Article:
I am reading David McCullough's biography of John Adams, for which McCullough received the Pulitzer Prize. Indeed, it is a riveting read, and really captures the harrowing desperation and inspiring philosophies of the age.
The letters written by the important players of that age are truly amazing documents. Folks then were so well-educated and literate, and letter writing was such a respected art form, that writers today seem like hacks by comparison. Well, today's writers are hacks compared to them. Here is a quote from the book:
These are the times in which a genius would wish to live. It is not in the still calm of life, or the repose of a pacific station, that great characters are formed. The habits of a vigorous mind are formed in contending with difficulties. Great necessities call out great virtues. When a mind is raised, and animated by scenes that engage the heart, then those qualities which would otherwise lay dormant, wake into life and form the character of the hero and the statesman."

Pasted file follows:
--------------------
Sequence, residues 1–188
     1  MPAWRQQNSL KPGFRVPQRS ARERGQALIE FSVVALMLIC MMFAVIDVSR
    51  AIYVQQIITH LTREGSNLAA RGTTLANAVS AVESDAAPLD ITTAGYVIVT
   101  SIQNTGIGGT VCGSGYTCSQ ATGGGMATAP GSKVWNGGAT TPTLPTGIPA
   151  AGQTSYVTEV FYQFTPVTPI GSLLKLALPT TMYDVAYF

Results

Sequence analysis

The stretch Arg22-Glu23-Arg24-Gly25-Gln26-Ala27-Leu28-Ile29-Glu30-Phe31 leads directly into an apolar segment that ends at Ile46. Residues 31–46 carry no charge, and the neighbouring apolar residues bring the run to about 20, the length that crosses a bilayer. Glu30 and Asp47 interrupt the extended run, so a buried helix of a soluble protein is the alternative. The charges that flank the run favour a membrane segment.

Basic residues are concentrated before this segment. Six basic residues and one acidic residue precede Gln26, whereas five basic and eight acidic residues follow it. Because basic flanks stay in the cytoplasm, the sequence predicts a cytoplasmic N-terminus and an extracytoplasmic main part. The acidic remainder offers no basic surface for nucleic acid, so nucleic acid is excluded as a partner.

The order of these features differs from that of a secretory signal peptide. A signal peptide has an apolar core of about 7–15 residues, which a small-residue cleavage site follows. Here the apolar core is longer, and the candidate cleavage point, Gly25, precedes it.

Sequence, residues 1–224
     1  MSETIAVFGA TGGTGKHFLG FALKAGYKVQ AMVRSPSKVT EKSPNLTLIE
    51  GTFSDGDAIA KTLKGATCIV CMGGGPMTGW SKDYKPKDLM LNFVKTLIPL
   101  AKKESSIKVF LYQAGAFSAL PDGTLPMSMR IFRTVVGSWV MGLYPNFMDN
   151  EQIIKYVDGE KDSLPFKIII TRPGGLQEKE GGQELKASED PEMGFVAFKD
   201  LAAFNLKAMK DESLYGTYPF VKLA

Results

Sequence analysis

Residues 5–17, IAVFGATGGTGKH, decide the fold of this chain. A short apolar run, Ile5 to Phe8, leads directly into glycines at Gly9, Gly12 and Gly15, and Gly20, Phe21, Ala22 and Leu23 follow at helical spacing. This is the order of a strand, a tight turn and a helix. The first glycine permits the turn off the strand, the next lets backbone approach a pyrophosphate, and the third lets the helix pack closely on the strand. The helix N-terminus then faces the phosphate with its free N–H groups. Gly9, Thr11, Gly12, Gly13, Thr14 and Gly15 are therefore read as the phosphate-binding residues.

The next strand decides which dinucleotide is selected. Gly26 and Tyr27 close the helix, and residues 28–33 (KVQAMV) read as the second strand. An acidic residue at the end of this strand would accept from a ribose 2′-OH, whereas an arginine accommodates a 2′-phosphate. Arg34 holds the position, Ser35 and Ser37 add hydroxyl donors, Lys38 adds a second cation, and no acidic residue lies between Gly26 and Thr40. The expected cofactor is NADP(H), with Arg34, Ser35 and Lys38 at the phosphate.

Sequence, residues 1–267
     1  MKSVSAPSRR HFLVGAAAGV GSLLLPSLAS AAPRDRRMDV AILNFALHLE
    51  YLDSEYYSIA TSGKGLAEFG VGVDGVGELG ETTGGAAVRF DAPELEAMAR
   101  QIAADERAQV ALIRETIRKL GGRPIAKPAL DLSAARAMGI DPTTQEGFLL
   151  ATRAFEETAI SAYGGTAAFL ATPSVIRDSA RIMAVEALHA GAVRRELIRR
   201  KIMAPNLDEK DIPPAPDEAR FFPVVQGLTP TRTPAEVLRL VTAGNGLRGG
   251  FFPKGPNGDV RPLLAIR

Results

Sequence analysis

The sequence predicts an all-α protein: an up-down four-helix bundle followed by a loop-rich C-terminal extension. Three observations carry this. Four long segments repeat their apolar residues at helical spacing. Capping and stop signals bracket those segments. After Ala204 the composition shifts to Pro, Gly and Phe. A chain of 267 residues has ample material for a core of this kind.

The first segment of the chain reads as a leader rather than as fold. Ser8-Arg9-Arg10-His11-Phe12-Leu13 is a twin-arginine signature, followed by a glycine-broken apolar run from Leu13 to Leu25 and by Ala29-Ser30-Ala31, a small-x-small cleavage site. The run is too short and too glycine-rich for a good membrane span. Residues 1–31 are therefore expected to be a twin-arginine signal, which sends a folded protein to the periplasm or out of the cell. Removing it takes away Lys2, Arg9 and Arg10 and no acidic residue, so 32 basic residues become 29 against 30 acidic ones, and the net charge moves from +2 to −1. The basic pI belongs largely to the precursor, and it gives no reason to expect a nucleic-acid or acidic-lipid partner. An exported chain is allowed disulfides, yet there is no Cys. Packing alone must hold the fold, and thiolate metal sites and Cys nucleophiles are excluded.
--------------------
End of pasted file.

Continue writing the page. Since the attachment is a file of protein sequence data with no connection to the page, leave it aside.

Wow. That was not written by the great John Adams, it was written by his wife Abigail in 1777, trying to convince her son to accompany John to France.
Truly, a lost art.
6:48 AM |